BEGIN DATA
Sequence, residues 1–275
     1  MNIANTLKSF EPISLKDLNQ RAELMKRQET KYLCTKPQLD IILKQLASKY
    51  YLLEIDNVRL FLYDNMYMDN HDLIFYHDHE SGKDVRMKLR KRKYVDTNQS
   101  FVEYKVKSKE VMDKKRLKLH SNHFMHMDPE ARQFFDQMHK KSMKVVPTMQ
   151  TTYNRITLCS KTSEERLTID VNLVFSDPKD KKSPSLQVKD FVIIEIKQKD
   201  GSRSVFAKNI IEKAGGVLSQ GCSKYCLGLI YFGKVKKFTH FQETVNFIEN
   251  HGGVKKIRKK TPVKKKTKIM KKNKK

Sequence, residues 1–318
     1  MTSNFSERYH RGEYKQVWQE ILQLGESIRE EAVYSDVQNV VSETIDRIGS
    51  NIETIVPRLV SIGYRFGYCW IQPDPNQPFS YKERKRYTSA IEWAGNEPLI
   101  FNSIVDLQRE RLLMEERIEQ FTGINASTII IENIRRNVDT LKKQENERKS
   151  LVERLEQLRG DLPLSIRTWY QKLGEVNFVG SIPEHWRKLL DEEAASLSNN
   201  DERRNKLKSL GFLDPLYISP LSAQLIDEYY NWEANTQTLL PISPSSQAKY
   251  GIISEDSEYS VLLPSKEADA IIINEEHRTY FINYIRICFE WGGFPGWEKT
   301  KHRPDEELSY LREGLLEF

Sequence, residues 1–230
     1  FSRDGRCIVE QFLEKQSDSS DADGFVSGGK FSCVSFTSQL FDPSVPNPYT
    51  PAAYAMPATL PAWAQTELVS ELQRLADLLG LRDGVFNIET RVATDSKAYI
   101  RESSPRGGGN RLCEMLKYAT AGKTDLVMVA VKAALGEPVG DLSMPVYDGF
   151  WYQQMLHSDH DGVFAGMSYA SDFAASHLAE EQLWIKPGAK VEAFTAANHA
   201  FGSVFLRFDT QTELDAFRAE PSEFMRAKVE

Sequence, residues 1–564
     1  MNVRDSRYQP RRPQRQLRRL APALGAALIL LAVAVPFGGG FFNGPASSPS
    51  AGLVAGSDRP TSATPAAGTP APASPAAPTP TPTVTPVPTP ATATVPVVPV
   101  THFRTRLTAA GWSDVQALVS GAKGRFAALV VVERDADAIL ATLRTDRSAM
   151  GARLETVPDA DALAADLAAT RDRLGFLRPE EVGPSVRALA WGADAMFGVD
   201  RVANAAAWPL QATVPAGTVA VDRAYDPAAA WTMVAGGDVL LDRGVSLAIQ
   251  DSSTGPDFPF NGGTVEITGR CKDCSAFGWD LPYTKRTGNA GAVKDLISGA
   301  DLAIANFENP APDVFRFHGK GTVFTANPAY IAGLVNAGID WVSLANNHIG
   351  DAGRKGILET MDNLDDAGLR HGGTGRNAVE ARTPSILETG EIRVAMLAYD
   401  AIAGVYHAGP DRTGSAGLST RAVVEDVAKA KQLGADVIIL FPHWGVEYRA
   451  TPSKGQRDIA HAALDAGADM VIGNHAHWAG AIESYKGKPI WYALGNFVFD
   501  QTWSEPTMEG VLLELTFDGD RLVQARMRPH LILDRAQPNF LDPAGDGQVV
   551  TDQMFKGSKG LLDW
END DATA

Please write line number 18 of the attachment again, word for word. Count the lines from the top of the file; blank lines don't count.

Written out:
    51  PAAYAMPATL PAWAQTELVS ELQRLADLLG LRDGVFNIET RVATDSKAYI